As you know, I recently moved back to the Lehigh Valley to open my own law practice. When I was putting together a business plan, I looked at statistics on types of cases being handled in the area. I looked at Lehigh County's stats, since I'm practicing here and it's the third-largest county in the state. I was fascinated by what I found.
It seems that very few cases go to trial. Consider this: In 2012, there were 5,132 cases disposed in Lehigh County. Of that, 32.6% went through ARD (essentially a pre-trial diversionary program). A staggering 58.8% were disposed through guilty pleas. How many actually went to trial? 53. Out of 5,132 cases, only 53 actually saw trial; that's 1.1%. If I look at just my caseload over the last two years, I've taken far more than 1.1% of my cases to trial…and I'm just one person. So, it would seem the majority of attorneys in the area don't see even one trial per year.
The civil side isn't much better, though civil law has somewhat of a reputation for settling and not making it to trial. Of 8,565 civil cases available for processing, 1,060 reached settlements. There are a variety of other ways to dispose of cases in the civil arena, but in the end only 62 total cases went to trial. 62! It's hard for me to wrap my head around these numbers.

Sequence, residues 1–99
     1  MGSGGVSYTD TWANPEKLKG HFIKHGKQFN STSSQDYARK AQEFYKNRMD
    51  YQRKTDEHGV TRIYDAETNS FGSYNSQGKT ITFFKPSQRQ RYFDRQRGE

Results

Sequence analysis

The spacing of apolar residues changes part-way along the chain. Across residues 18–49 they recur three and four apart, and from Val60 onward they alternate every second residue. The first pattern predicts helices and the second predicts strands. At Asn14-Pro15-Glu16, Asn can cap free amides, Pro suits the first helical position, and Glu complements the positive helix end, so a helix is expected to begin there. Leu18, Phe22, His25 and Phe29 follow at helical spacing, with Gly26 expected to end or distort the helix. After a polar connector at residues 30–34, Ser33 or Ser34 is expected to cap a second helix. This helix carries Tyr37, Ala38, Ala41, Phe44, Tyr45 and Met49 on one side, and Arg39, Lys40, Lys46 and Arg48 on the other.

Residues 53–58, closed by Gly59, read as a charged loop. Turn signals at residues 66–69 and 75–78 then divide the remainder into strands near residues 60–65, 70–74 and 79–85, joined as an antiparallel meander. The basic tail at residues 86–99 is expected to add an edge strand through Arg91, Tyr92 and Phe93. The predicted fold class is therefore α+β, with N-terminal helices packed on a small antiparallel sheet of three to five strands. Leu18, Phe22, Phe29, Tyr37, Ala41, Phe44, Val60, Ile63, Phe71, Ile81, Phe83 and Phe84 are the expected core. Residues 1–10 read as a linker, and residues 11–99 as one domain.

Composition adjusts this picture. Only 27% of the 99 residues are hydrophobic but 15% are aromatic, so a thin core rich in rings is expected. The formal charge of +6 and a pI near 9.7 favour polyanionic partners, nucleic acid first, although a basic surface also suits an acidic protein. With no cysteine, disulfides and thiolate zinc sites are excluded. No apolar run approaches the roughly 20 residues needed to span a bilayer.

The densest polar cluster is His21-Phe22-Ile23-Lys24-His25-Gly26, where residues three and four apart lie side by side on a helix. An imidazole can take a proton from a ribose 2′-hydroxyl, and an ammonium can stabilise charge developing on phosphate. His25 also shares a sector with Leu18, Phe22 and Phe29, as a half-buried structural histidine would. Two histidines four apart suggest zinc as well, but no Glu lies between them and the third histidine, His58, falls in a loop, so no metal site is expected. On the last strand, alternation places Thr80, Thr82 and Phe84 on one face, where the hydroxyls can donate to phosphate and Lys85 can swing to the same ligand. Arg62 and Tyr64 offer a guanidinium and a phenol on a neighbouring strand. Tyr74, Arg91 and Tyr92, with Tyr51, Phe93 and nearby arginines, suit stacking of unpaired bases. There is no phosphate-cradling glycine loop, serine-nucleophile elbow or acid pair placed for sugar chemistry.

I've practiced in many counties throughout Pennsylvania and have now spoken to numerous attorneys in the Lehigh Valley. I can tell you from experience that there are only a handful of attorneys that I've interacted with that actually enjoy litigating cases. Far too many are eager to churn and burn, especially DUI cases. To these attorneys, criminal cases, and particularly DUIs, are open and shut cases; not only are they not worth fighting, but some attorneys don't know enough to attempt it. I even came in contact with several judges who actually got annoyed because I took cases to trial where there was a valid defense. But why?
I don't know if it's an age thing, a training thing, a money thing, or just pure laziness. But I've proven you can be successful in fighting criminal cases, including DUIs. In fact, I've been successful in more than one DUI trial. Then again, I also have advanced training in DUI defense, cross-examination, and other areas of litigation that help me be a more effective lawyer.
The stats support what I've experienced; in most counties, the majority of ARD cases are DUIs, and DUIs are far and away the most common type of crime charged in Lehigh County. Yet, as you can see from the stats, very few are litigated.
I like to think that attorneys, both criminal and civil, are doing everything in their power to effectively fight for and protect their clients. But statistics don't lie; 1.1% is almost nothing. 62 out of 8,565 is almost nothing.
It's not something I understand or for which I have an explanation. I'm a litigator. I went into the areas of law I did because I like the courtroom. I like trial; it's where I'm at my best and most confident. But I know people who have gotten into criminal defense and civil litigation who hate trying cases. In fact, I knew a lawyer who focused his practice on DUI defense and who, for whatever reason, was one of the go-to lawyers for people charged with a DUI. He hadn't conducted a trial in 20 years.
What does this mean for you? It means if you want someone who is going to fight your case, you need to be very selective when choosing an attorney. It means you'll need to find someone who isn't afraid to litigate – someone like Fliszar Law Office, LLC.
Why do you think cases aren't making it to trial? Keep the conversation going in the comments.